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A Modern Approach to Real Work-Life Balance

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Long working hours and on-demand technologies have given modern-day American workers reason to think about how they balance their lives. Work-life balance, the term used to describe a healthy equilibrium between time spent at and away from work, has become a popular topic, especially among younger generations who are enthusiastic about finding alternatives to the overworked lives of their parents. 

A healthy work-life balance is about prioritizing your health over your work and bringing your best self to everything you do. Though it may seem like an elusive concept, it’s achievable for many workers. Effectively budgeting time, taking breaks, setting boundaries and practicing mindfulness can help you get there. 

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    Why Work-Life Balance Matters 

    According to the American Psychological Association, one-third of Americans feel they live with extreme stress, and 77% of Americans regularly experience physical symptoms caused by stress. You may not be surprised to hear that the number one source of all this stress, according to survey participants, is job pressure. These statistics are more than anecdotal cries for shorter workweeks. They’re proof that better work-life balance could improve the quality of life for many Americans. 

    While it’s obvious that a healthy work-life balance is good for individuals, it also benefits employers and society as a whole.

    Here are some perks of a healthy work-life balance:

      • Less strain on families. A study published in the Journal of Applied Psychology found long working hours were tied to increased family conflict. 
      • Increased productivity. Studies show that taking breaks and disengaging from tasks help eliminate decision fatigue and improve focus
      • Improved physical health. Making time to move your body is important. A study from the New York Times found taking five-minute walking breaks throughout the day can combat lethargy and even dull hunger pains.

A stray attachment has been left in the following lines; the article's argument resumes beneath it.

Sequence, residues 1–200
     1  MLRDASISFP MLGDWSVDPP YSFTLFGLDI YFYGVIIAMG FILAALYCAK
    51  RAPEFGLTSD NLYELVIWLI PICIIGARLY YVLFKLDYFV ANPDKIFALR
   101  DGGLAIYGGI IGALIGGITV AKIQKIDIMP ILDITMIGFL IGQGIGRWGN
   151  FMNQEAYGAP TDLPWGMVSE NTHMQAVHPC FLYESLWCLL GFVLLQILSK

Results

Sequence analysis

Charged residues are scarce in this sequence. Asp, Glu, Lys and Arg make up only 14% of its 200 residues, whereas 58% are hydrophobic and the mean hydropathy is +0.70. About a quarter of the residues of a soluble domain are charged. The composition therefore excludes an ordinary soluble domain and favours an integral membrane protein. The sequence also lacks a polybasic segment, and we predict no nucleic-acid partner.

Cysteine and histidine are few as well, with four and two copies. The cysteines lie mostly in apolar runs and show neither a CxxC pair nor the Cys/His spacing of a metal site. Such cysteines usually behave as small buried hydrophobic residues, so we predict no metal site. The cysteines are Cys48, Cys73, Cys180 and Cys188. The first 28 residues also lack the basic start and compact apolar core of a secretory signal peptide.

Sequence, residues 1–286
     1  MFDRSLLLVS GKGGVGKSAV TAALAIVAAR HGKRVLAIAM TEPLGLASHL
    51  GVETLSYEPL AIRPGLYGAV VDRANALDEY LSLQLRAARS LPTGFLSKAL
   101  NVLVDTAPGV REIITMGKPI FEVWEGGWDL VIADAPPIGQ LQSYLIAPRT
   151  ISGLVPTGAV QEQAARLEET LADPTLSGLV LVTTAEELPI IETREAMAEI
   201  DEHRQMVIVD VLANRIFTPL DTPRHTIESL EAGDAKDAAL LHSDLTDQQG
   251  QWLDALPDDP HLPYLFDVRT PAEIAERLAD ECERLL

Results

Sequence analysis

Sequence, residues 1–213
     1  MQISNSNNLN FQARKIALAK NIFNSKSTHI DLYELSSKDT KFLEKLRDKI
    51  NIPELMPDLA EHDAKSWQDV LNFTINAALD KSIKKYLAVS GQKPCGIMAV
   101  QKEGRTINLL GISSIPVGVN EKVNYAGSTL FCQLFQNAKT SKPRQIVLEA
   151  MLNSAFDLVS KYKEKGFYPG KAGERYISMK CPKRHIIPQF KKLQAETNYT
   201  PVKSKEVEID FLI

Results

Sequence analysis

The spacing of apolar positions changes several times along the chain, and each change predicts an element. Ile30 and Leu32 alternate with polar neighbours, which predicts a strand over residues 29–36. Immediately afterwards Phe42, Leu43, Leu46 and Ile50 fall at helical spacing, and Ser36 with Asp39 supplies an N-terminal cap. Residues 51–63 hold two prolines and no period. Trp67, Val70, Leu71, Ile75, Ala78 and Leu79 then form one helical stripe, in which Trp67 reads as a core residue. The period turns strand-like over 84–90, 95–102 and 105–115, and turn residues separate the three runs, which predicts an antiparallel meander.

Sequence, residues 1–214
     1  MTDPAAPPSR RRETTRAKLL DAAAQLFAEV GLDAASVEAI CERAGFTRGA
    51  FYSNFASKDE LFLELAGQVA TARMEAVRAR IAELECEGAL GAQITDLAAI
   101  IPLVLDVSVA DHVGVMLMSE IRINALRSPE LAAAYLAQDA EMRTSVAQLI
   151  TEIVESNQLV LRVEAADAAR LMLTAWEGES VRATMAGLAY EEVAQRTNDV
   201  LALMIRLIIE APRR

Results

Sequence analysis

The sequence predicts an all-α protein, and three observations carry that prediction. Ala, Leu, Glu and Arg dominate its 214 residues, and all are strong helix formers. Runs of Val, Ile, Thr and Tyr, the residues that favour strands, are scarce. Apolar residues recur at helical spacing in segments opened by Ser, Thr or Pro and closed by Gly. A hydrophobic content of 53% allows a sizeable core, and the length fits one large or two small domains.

• Improved mental health. The same New York Times study found that five-minute walking breaks can improve your mood.  

    Let Technology Work for You

    man using smmart phone illustration

    Modern technology is a big contributor to our work-life imbalance, but it also offers many solutions. There are times we should limit our technology and times we should utilize it to help clear our brains and organize our days. 

    Installing productivity apps and optimizing your devices to streamline workflows, block distractions and provide insight about browsing habits can help you achieve your balance goals. We’ve included app suggestions and tech tips for each section below.

    Manage Your Time 

    Managing your work hours efficiently can improve your productivity and prevent your job responsibilities from overflowing into your personal time. The same is true for managing your time at home. You can batch tasks like laundry and meal prep or carve out time to take care of responsibilities on weeknights so your weekends are free for leisure and family time.

    Plan Ahead

    It’s unlikely you’ll be able to properly manage your time without some planning. Different people prefer different types of planning. You may enjoy an hour-by-hour schedule for your workdays, or you may prefer a simple to-do list. Either way, planning ahead keeps you organized and saves time. 

    Tech to try: Make the most of your day with Asana, a project management app that lets you build out your schedule in advance, check off tasks and autofill recurring events. 

    Set Realistic Micro-Goals

    Similar to planning ahead, setting micro-goals can help you eventually reach a big goal, helping you achieve work-life balance. You can set small, reachable goals, such as a specific word count or the number of sales calls you’d like to make, for the day or even the hour to help keep you on track. 

    Tech to try: Make a checklist of your micro-goals in Todoist, an advanced to-do list app that helps you free up space in your mind and complete tasks on time.

    Take Breaks to Recharge Your Mind

    illustration woman taking a coffee break

    Movement Breaks 

    Go for a ten-minute walk or take a small yoga break with coworkers.

    Tech to try: Use a FitBit to track your steps and ensure you move during work hours, or try StandApp—an app that encourages you to stand periodically. 

    Coffee Breaks

    Instead of caffeinating at your desk, enjoy a cup of coffee with a colleague in the breakroom.